Faculty should train students on how to make their ideas a reality (Opinion)

In the 1980s, a coalition of workers worked with city leaders to establish a trust fund to provide housing subsidies for Chicago residents living in poverty. Now imagine if the coalition of housing activists came up with this idea but the city leaders did not agree to implement it. Society needs agents of change who can not only develop ideas to tackle complex challenges but also put those ideas into practice.

Currently, most college and university faculty members train students to develop ideas but not to implement them. Ideally, students might come up with the idea of ​​a new vaccine education program for patients whose preferred language is not English. Students may present this idea to their professor at the end of the semester, but they will never experience the challenges of persuading the healthcare administrator, health department, and accrediting agencies to implement this service. The result is a lack of effective change agents and a society struggling to manage social crises such as epidemics, global poverty and climate change.

Teaching students how to make it happen

Faculty members train students to consider ways to deal with traditionally abstract complex challenges. For example, instructors usually ask students to create their own ideas for dealing with problems such as global poverty. Throughout the semester, they evaluate students’ developing ideas. They may ask: Do ideas seem possible? Are they sustainable? Do they solve the causes of poverty? By getting this feedback, students learn to come up with better ideas.

But the idea is just beginning to develop. Instructors need to train students to make purchases from stakeholders to make those ideas a reality. And this is true for challenges in any domain, because complex challenges have many stakeholders.

Remember the founders of Kiva: To tackle global poverty, they not only had to come up with ideas for crowdfunding microcredit, but they also had to buy from thousands of potential leaders. Similarly, to help less resourceful students with their writing skills, the founders of 826 Valencia not only came up with the idea of ​​starting a writing center on a nearby storefront, but they also received funding, support from teachers, parents and local government. And to stop the spread of COVID-19, organizers in Southern California not only created the idea of ​​using a mobile vaccination site to reach agricultural workers during their shifts, but they persuaded local governments, nonprofits, community organizations, and philanthropists to implement it. That idea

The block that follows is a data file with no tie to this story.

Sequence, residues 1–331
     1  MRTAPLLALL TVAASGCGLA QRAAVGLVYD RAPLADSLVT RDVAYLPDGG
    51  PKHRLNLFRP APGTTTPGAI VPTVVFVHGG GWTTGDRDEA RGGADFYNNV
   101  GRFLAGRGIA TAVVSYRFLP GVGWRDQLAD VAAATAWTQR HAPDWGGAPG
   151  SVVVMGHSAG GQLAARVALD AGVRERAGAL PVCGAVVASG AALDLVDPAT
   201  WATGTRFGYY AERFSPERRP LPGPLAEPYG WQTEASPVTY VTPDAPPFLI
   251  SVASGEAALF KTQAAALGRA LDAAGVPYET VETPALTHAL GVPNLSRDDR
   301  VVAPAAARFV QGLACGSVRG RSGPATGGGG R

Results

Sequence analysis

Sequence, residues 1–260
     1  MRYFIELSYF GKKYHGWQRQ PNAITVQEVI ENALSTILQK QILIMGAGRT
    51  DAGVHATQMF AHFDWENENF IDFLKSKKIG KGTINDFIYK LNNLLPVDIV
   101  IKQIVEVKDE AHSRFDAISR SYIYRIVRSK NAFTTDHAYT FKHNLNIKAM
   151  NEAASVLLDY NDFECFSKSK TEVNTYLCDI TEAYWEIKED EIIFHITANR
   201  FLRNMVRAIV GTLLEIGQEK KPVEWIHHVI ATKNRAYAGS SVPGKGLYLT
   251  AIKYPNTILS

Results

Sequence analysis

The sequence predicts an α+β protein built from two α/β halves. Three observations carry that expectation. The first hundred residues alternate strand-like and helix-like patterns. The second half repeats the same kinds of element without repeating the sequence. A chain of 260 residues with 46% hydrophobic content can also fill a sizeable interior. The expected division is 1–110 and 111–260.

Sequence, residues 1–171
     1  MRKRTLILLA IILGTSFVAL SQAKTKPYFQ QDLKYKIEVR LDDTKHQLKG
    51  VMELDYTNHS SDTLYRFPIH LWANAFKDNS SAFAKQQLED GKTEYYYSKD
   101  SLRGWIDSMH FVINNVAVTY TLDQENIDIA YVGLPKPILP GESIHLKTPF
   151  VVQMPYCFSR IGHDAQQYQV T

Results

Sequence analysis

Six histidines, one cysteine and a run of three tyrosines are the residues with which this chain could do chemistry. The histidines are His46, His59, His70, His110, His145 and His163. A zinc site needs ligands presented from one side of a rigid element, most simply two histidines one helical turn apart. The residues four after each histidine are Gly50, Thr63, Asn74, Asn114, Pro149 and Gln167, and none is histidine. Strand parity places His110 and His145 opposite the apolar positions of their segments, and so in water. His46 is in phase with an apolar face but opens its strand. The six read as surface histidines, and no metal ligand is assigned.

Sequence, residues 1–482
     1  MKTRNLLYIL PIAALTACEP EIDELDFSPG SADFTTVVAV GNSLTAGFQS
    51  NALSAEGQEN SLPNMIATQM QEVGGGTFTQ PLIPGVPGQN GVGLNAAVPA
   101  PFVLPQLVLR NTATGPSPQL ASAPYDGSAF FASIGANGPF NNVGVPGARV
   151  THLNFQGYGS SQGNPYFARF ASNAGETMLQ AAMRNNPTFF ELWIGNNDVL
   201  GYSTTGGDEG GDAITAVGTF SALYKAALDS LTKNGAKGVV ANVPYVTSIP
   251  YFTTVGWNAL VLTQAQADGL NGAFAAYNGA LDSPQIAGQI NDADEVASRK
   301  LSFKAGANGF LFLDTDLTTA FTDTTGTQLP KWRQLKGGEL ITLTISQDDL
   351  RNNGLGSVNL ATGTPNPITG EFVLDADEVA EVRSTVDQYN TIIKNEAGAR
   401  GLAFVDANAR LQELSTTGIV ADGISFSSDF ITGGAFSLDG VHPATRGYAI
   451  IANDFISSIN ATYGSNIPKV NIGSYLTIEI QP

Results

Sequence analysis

In order to train students in implementation, trainers need to introduce students to stakeholders and teach them how to buy-in stakeholders while developing their ideas. Consider again the problem of global poverty. If students want to learn to influence it, a faculty member cannot complete the lecture. Instead, at the beginning of the semester, the instructor must deliberately ask the students to develop and implement ideas for poverty alleviation. They must help students identify the stakeholders they can potentially work with – perhaps partnering with local nonprofits employed by international aid or using remote work technology to collaborate with international NGOs.

Throughout the semester, instructors should ask students to report on their developing ideas as well as the steps stakeholders have taken to demonstrate their buying and selling, such as investing money to fund microloans. Towards the end of the semester, students will come up with new ideas for tackling complex social challenges, as well as the support of the stakeholders they need to make those ideas a reality.

This may seem impossible, but it works when the trainers have sufficient resources. Faculty members and administrators felt that it was not possible for students to engage in rigorous scientific research until they had mastered a domain of scientific knowledge in graduate school. But we now know that students are able to conduct investigations and model based on scientific evidence early in elementary school – but there are ample resources to support these activities, including teacher training, curriculum and time. With the ongoing rollout of the Next Generation Science Standard, society is taking the importance of providing such resources to K-12 teachers and more students are learning to do scientific research than ever before. We now need to take on the equally important challenge of providing resources to teach implementation to college teachers.